Medtronic Receives Warning Letter for Alleged CAPA Problems

Posted 21 August 2012 | By Alexander Gaffney, RAC 

Medical device manufacturing giant Medtronic was hit with a warning letter from the US Food and Drug Administration (FDA) on 17 July regarding allegedly deficient operations at its Minneapolis-based Medtronic Neuromodulation manufacturing facility.

The letter, addressed to Chief Executive Officer Omar Ishrak, references a May 2012 inspection by FDA in which investigators found the facility's adherence to current good manufacturing practices (CGMPs) and Quality System Regulations (QSRs) to be lacking, rendering as adulterated some devices manufactured at the facility.

FDA said its inspection, like so many others this year, found deficiencies in the company's corrective and preventive action (CAPA) procedures, which, for at least one product, were purportedly non-existent. Gear motors for its SynchroMed II Pump were subject to hundreds of complaints regarding the device becoming corroded, seizing parts of the device and preventing it from delivering drug products to the patient. Medtronic said in its response that it is forming a Corrosion Task Force as part of its response to the CAPA problems, and FDA said it wished to schedule a meeting with the company regarding the initiative and other methods to mitigate risk of corrosion.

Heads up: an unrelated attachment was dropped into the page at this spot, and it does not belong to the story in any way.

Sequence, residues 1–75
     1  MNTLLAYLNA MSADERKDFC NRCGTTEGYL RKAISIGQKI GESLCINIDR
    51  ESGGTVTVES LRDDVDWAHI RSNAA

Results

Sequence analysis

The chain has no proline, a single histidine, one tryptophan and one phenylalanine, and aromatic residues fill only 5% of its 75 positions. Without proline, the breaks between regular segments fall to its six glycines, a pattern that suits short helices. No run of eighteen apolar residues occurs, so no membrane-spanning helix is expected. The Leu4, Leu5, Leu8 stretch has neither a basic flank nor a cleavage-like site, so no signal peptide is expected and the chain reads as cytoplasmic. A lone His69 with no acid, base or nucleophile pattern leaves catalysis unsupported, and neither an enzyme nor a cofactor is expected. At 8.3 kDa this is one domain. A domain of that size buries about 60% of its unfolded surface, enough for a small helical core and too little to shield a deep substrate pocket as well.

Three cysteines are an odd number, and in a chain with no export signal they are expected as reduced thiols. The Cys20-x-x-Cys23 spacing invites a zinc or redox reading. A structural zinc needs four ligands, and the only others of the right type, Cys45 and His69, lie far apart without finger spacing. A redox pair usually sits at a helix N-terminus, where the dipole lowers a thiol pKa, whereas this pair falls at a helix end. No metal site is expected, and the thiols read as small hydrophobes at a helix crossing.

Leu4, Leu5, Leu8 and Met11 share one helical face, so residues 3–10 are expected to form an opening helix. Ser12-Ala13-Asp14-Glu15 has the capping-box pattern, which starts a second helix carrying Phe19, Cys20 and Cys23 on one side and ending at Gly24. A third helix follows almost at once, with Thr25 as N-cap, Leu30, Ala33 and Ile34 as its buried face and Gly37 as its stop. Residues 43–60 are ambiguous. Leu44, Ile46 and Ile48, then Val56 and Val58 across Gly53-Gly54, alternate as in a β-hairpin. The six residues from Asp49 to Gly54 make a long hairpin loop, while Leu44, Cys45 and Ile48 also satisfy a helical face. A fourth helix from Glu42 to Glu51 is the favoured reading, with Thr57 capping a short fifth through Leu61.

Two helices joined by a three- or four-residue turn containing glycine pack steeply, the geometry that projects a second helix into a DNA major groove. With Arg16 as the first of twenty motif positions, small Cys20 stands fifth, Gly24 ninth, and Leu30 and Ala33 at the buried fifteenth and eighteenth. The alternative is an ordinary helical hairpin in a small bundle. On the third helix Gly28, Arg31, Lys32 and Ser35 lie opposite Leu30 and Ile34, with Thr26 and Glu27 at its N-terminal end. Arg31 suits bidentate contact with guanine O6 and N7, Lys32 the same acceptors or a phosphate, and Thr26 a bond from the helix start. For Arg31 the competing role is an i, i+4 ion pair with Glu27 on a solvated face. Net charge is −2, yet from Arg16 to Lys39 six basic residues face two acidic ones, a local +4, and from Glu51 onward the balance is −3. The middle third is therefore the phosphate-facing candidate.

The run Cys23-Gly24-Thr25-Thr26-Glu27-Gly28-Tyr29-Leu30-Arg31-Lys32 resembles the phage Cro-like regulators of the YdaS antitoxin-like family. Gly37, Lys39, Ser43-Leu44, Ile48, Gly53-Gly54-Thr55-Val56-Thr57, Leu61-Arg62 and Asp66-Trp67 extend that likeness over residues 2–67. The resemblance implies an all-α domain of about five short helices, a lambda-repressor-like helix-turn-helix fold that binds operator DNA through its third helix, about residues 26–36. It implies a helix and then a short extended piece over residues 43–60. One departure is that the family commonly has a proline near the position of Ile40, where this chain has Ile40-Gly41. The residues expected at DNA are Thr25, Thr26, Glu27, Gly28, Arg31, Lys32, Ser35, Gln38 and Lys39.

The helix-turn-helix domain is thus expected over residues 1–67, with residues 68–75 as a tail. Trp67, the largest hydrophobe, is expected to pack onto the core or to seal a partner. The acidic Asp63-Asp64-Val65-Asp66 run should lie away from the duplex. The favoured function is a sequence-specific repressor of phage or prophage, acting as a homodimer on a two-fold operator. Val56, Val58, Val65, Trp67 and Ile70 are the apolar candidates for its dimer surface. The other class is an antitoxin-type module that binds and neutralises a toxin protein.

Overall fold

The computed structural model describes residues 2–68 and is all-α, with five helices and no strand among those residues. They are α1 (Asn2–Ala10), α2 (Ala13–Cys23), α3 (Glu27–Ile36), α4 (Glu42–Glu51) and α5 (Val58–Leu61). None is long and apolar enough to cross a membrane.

FDA officials also took note of inadequate review procedures for complaints and reports of specification failures received by the facility, highlighting dozens of complaints received by the company that were allegedly improperly categorized, incomplete, inadequately evaluated or uninvestigated.

Medtronic has since instituted changes that FDA said, "Appear to be appropriate," but will require follow-up inspection by the agency.

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